“The server is down.” Those four words can strike fear and despair in the hearts of users and network administrators alike. For the former, it means they won’t be able to perform network tasks—run mission-critical network applications, access files, and send jokes to everyone on their e-mail list. For you, it means a deluge of phone calls from management, working through lunch (and maybe dinner too), pulling your hair out, and wondering why you went into this line of work in the first place.
Take heart. Before you sit down to type your resignation, read this Daily Drill Down. It’ll provide a strategic plan for troubleshooting server problems and getting your server up and running as quickly as possible.
Is it your fault?
You know the story: One day the network is humming along, no problems, everyone has connectivity—then bam! You come to work one morning and it’s all gone haywire. One or more critical servers are not accessible. What happened? Why do good servers go bad? Sometimes it’s simple: “parental” neglect. Do you ignore your server when it’s functioning properly, rationalizing that your time is better spent on other things? Just as good parents keep an eye on their kids even when there are no apparent problems, good admins are continuously monitoring their servers to catch potential problems early; performing routine maintenance such as disk defragging, application of operating system hot fixes and service packs, and regularly reviewing event logs for error or information messages.
Classifying server problems
Server problems can generally be broken down into a few categories:
- · Hardware problems
- · Operating system configuration problems
- · Application/services-related problems
It’s important to determine which category your problem fits into; otherwise, you can waste hours of troubleshooting time searching for a needle in the wrong haystack. What seems like an OS problem (STOP errors or unexpected reboots) may actually be hardware problems caused by faulty memory or a dying power supply.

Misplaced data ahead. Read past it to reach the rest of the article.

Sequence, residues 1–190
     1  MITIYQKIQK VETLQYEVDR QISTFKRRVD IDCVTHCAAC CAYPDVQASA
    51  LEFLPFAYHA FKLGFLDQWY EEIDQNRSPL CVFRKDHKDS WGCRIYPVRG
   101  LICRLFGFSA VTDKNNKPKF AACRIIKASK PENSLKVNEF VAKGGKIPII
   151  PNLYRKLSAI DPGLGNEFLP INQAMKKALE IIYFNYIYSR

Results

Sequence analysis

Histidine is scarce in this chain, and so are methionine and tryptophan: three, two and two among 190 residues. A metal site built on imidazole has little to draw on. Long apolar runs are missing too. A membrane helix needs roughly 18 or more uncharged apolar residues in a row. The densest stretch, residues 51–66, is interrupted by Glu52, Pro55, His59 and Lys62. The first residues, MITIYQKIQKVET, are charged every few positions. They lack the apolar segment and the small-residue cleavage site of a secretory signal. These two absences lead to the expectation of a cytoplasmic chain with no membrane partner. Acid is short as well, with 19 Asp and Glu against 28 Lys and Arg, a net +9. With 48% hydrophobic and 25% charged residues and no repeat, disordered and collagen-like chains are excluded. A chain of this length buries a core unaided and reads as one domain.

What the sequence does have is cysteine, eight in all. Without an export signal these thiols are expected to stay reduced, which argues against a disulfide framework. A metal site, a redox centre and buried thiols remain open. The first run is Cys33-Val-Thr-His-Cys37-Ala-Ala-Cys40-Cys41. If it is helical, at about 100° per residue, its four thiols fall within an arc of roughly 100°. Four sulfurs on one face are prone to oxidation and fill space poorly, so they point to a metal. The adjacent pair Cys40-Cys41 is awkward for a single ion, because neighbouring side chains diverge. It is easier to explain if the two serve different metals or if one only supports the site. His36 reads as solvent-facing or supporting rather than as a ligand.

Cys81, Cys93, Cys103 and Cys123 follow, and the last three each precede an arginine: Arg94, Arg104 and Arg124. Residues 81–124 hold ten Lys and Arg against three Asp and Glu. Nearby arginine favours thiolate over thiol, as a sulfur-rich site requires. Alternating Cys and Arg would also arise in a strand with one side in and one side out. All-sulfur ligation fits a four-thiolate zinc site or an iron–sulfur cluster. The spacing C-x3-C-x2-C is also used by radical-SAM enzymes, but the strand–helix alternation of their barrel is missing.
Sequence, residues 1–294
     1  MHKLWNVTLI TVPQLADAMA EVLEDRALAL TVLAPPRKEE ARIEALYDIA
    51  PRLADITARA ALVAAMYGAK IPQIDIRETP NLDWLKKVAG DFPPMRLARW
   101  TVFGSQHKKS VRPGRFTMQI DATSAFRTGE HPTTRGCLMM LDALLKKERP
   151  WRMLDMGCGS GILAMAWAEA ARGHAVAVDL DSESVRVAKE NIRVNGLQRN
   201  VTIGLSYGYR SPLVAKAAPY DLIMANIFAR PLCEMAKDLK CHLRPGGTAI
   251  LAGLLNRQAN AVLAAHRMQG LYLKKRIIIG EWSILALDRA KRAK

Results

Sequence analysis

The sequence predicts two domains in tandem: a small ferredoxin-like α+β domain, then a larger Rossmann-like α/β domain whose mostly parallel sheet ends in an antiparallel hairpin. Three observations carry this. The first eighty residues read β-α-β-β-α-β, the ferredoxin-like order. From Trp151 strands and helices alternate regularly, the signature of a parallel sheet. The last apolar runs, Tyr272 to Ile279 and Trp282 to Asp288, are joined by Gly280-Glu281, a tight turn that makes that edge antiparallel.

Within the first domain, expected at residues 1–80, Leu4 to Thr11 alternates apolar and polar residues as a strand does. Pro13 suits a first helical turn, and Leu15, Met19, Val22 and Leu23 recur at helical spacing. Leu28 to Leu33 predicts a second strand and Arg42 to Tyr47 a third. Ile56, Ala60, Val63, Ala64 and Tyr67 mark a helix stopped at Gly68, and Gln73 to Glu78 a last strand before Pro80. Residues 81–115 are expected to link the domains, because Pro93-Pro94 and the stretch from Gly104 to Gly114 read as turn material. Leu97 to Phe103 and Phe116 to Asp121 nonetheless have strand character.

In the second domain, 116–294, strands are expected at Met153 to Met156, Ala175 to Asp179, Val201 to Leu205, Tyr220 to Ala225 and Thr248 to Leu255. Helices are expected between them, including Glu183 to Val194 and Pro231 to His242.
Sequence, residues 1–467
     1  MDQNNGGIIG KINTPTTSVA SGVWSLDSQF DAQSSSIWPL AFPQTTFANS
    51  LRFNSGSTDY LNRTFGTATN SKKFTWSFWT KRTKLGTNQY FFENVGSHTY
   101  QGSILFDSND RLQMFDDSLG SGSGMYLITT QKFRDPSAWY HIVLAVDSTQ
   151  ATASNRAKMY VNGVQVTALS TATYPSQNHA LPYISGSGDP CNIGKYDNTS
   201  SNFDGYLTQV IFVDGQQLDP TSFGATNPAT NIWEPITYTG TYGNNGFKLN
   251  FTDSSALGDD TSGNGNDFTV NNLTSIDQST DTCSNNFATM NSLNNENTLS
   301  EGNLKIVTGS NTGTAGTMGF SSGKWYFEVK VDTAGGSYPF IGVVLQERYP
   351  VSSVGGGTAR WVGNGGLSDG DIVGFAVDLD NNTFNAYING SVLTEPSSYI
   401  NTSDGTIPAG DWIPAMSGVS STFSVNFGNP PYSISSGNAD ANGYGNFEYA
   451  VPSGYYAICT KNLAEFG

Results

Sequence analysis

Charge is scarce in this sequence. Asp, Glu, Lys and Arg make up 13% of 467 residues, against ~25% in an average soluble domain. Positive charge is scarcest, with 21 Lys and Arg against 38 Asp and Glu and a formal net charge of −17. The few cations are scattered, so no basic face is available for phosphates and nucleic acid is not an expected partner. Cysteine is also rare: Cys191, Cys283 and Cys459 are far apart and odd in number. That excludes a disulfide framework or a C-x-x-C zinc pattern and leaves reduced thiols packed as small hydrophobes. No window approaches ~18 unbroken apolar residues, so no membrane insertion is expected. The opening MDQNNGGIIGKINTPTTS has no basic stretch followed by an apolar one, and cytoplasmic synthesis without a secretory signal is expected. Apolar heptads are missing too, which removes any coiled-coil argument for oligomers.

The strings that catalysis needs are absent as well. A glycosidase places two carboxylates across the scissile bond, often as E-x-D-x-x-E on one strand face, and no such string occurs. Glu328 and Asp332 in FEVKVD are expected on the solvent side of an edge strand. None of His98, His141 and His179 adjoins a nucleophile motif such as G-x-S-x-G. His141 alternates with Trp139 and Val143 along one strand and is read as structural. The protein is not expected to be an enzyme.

Ten troubleshooting tips
Depending on the source of your problem, getting your server back up and running may or may not be quick and simple. These ten troubleshooting tips will give you a starting point for tracking down the culprit responsible for your server’s demise, and address several of the most common server problems.
1. Develop a standardized troubleshooting routine
To identify and correct server problems most efficiently, you should have a standardized troubleshooting procedure that you follow each time something goes wrong. Troubleshooting server problems is generally more complicated than troubleshooting problems with client machines, because the operating system itself is more complex and because of all the services that run on a server machine.
Use checklists and forms (see sample here) to guide the troubleshooting process. This will prevent you from leaving out essential steps or overlooking the obvious.
Download our TPG server troubleshooting checklist
Plaster this checklist all over your server room so your entire staff has a step-by-step process to guide them through the server troubleshooting process.
2. Start at the bottom: Troubleshooting physical layer problems
The first step in troubleshooting server problems is to determine whether the physical layer is functioning properly. This includes the server computer hardware, any attached peripherals, and the cabling. Switching out network cards or cables will help you identify whether the hardware is at fault. For testing long runs of cable that can’t be easily switched, use a cable tester or multimeter.
If you have recently added new hardware to the server, make sure that it’s compatible with the operating system.
If you’re running a Microsoft server operating system, check the hardware compatibility list on the Microsoft Web site.
You should also make sure that you have the correct drivers installed for your new hardware. Check the hardware vendor’s Web site for updated drivers.
3. Traffic control: Troubleshooting addressing and routing problems
Once you’ve eliminated hardware as a suspect, you should check the operating system configuration. The typical business network runs on TCP/IP, and incorrect TCP/IP settings can result in addressing and routing problems.
Make sure the server’s TCP/IP settings are correct. TCP/IP settings have been known to mysteriously change, for example, when you install an application. The most common situation is that the server’s TCP/IP configuration is reset to make the computer a DHCP client. In most cases, servers should have static IP addresses. You may not notice the problem with a file or print server, but if your DNS server or domain controller’s configuration is changed, your clients will experience problems.
Figure A illustrates the TCP/IP settings on a Windows .NET server.